Reduce brain stress with the best tip ever

By Terry Small
May 6, 2021
Reduce brain stress with the best tip ever
Photo credit: blackCAT/E+

Listen to our podcast episode with Terry Small, and Leah Giesbrecht, communications specialist, CPABC. Part of our Coffee Chats with CPABC podcast series.

These are challenging, uncertain times. There are a lot of real reasons to be anxious and stressed.

Worry, fear, frustration, and anger cause high levels of stress hormones. These stimulants cause an increase in electrical activity in our brains. In turn, this causes the brain to generate an increase in thoughts, and they come at a higher rate. The result is often "brain fog," at a time when clear thinking is needed.

There are numerous ways to deal with stress. Some involve taking care of ourselves, such as exercise and looking after our mental health. Others include distracting ourselves: comfort food, reading, walking, watching TV, or meeting people in our “bubble” at a safe distance. All of these can help us cope with stress and anxiety, but there's one method that seems to stand out as especially effective.

That is: to make a difference in someone's life.

The University of BC did some interesting research on prosocial acts, which are acts of kindness that we do to benefit others, often helping, sharing, or comforting. Frances Chen and Yeeun Lee found that prosocial acts were effective in protecting our bodies and minds from stress. According to their research, acts of kindness can help us cope, boost our mood, decrease blood pressure, and help us live longer. Caring for others is a great stress regulator. It turns out that helping others helps us.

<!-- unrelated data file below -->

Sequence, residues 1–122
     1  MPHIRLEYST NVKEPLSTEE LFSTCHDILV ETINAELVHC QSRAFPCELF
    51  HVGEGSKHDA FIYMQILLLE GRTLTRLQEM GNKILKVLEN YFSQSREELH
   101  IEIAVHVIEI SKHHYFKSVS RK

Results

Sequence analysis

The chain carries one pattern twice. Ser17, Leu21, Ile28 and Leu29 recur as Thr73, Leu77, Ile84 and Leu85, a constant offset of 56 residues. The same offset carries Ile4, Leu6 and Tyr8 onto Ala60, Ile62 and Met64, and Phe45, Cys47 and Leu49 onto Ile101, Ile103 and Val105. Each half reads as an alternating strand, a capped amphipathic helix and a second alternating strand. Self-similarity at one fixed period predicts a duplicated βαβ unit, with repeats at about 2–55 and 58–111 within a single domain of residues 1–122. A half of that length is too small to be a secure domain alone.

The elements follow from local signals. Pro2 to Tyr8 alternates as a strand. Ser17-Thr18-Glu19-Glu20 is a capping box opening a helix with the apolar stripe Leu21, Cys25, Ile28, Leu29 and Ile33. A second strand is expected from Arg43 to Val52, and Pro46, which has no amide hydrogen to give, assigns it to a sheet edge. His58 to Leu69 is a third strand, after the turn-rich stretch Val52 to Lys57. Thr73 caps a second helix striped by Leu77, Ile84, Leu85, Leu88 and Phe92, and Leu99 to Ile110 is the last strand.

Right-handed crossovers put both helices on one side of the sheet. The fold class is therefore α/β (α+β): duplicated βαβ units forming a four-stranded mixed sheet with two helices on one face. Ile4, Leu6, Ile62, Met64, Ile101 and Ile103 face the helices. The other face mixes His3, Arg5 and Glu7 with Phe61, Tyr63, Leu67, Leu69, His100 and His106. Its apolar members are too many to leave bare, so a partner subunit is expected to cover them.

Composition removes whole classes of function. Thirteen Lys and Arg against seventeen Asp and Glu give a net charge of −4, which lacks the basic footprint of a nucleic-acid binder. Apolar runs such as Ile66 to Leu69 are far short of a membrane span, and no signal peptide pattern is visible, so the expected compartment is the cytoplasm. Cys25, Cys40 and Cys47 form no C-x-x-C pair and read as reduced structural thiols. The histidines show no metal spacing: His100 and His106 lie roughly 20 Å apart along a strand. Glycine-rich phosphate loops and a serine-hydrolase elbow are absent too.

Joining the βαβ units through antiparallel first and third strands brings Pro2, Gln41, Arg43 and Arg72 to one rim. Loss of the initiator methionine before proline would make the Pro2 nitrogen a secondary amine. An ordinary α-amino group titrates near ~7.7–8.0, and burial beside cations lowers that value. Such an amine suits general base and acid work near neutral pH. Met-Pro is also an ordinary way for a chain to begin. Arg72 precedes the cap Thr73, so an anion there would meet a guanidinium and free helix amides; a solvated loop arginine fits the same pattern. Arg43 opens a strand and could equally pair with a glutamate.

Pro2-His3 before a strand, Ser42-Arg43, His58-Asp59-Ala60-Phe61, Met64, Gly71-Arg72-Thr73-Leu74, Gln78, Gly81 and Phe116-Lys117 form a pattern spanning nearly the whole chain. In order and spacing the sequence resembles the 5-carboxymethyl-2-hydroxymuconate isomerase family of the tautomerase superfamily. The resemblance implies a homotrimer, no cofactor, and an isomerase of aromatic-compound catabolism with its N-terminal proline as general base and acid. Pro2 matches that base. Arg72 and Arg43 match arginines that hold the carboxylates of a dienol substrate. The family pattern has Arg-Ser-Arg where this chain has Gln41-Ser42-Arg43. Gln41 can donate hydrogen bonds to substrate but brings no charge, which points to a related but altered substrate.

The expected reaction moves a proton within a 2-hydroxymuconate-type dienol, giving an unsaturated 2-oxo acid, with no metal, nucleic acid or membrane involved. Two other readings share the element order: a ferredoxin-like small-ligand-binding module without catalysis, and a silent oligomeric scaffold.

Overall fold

Here's what the researchers did: "In our lab we are researching how caring for a stranger helps people to regulate their own stress. We told participants the story of a stranger in need and asked them to write an encouraging letter to that person.

Participants spontaneously showed empathy, shared their own stories, and reminded the other person that they were valued. After writing the letter, participants saw their own problems as less overwhelming, and felt less stressed. Writing the letter seemed to increase participants' faith in humanity."

This study contains a powerful truth: It is more blessed to give than to receive. Opportunities abound. As Seneca once said, "Wherever there is a human being there is an opportunity for kindness."

So here’s how to take care of others. Start small by smiling at somebody. Phone someone who's struggling. Send an encouraging email, or even better, a hand-written letter. See where it goes from there. The list of course is endless.

Try to make helping others a daily habit. Kindness, like most things, is a habit. First we form habits, and then they form us. Remember, brains get good at what they repeatedly do.

Terry Small, B.Ed., M.A., is a master teacher and Canada's leading learning skills specialist. He is the author of the Brain Bulletin with over 34,000 subscribers worldwide.